BMW promised, under the banner of its ConnectedDrive platform, to demonstrate some autonomous driving at this years' CES, and wow did it deliver. Labeled as ActiveAssist, the technology describes both partially and highly automated driving and we were definitely out to sample the highly automated variety. Highly automated driving, as the name suggests means the car will essentially drive itself with you sitting as passenger "up to the car's dynamic limit", or as we discovered to about 80 MPH.

The prototype research cars on hand were tuned for CES by removing the external sensors to make them, more than likely, more pleasant to look at. We chose the M235i -- because who wouldn't, given the choice? -- though there was a diesel 6-series Grand Coupe as well. Seeing as the sensors were missing, the car was following a pre-defined path, but still completely reactive to its environment. The most compelling example of this was on the second lap of the infield track set up at the Las Vegas Motor Speedway, when we drifted. Yeah, we put our faith in robot hands and got very sideways through a wet section of the track. I was watching the wheel as we slid and was almost hypnotized seeing the wheel constantly spinning to correct our trajectory and keep the slide going.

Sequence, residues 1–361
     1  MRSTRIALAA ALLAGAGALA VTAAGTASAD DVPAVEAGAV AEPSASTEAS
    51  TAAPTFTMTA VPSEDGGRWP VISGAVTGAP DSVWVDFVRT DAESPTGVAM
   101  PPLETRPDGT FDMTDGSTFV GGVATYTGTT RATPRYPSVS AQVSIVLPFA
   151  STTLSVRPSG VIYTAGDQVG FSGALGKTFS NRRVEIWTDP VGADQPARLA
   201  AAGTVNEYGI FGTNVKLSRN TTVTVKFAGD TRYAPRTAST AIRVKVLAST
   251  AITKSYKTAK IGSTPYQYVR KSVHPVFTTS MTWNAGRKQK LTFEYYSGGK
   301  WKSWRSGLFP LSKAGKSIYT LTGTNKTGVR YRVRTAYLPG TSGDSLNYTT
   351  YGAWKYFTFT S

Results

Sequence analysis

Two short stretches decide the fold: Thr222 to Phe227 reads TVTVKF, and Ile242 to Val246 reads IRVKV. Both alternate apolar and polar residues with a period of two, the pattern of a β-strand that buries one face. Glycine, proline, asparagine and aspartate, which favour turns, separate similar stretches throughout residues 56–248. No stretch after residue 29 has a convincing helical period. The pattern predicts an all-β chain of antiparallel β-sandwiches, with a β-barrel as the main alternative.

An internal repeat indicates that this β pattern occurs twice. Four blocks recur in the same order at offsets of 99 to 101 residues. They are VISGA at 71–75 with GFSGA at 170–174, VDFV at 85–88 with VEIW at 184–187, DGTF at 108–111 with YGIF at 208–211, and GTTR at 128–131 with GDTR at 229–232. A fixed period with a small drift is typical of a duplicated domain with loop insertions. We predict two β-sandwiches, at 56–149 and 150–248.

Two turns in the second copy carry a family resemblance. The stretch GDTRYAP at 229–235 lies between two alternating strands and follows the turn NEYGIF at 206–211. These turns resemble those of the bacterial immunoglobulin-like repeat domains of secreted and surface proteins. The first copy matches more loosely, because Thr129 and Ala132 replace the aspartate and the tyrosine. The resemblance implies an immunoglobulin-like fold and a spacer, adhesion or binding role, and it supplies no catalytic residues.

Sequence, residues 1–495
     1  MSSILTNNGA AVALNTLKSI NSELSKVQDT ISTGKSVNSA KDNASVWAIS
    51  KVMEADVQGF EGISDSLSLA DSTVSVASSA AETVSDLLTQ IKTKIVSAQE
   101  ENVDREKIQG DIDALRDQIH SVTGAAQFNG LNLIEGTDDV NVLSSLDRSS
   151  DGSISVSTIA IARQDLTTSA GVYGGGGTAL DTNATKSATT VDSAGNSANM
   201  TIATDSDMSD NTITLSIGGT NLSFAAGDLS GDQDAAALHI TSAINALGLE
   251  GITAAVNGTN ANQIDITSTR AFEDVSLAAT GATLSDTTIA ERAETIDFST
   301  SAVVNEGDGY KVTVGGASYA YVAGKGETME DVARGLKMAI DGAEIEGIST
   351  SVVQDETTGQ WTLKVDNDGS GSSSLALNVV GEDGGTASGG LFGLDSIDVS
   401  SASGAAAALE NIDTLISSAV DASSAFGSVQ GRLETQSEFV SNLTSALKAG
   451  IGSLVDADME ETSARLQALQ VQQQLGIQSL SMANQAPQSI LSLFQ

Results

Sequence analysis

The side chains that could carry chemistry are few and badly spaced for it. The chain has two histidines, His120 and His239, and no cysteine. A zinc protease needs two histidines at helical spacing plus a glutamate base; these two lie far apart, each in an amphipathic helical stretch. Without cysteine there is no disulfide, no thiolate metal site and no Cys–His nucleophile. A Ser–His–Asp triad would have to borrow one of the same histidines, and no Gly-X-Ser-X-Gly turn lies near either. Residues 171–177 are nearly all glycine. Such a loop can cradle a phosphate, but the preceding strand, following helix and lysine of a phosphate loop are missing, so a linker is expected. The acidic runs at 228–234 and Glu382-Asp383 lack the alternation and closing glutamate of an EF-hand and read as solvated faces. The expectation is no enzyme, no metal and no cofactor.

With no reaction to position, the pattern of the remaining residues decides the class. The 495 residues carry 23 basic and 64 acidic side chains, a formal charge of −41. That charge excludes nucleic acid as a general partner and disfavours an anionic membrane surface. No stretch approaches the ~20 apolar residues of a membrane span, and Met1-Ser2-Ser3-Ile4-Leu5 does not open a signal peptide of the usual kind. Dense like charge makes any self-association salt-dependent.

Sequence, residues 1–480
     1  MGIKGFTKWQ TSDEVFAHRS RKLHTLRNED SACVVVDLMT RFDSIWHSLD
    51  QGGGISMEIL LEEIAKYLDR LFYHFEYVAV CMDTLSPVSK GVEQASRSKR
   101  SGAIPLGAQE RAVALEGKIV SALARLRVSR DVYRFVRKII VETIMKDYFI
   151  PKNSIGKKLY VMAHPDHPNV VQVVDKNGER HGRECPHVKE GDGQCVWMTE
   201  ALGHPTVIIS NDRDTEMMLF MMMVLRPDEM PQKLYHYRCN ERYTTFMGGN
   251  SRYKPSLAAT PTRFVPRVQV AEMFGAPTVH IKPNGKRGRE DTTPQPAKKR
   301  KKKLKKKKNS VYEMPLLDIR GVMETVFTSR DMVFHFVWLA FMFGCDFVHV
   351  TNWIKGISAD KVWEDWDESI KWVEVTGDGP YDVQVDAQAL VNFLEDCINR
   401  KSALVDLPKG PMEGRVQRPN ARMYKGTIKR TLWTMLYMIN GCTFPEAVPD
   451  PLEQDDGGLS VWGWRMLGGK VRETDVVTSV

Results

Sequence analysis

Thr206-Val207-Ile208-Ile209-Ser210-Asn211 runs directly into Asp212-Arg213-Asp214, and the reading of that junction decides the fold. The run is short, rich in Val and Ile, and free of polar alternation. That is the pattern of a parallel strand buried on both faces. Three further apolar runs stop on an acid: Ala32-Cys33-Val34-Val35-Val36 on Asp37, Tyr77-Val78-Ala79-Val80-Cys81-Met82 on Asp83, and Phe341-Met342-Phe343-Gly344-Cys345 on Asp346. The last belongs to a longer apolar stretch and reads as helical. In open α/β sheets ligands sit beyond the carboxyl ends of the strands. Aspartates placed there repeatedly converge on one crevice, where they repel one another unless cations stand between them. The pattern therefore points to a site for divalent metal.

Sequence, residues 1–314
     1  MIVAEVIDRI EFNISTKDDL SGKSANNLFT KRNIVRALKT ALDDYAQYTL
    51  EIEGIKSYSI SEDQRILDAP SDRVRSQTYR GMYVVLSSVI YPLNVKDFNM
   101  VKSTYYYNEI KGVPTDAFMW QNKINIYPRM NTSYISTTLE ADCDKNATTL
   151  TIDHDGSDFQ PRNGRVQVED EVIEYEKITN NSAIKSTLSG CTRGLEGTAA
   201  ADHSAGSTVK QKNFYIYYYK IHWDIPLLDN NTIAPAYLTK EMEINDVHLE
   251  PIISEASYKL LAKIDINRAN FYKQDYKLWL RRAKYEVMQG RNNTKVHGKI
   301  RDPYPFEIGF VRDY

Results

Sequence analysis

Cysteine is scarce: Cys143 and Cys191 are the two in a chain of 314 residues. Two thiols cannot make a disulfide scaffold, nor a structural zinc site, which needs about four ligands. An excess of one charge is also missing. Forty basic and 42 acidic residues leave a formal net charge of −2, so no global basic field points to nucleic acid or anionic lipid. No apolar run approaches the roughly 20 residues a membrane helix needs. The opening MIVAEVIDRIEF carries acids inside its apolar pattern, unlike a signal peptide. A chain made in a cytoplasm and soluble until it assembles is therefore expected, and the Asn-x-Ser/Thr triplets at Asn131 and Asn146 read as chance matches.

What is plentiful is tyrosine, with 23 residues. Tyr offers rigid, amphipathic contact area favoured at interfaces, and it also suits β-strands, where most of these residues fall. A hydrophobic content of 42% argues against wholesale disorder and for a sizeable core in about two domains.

Sure, the reality of being transported about by your car is a long way off, maybe as much as 10 years. But all the small pieces that spin off from this technology into cars today make the small steps to robot domination fun. Consider things like active cruise control, which can stop the car completely, then resume driving or self-parking cars and it is easy to see that gradual progress. We for one love where this is going, but we wouldn't be hurt to see it let us race our own cars, you know? Find the video tour and our interview with BMW's Werner Huber just below.

Ben Harrison contributed to this report

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BMW's autonomous car, or how we drifted into love with a robot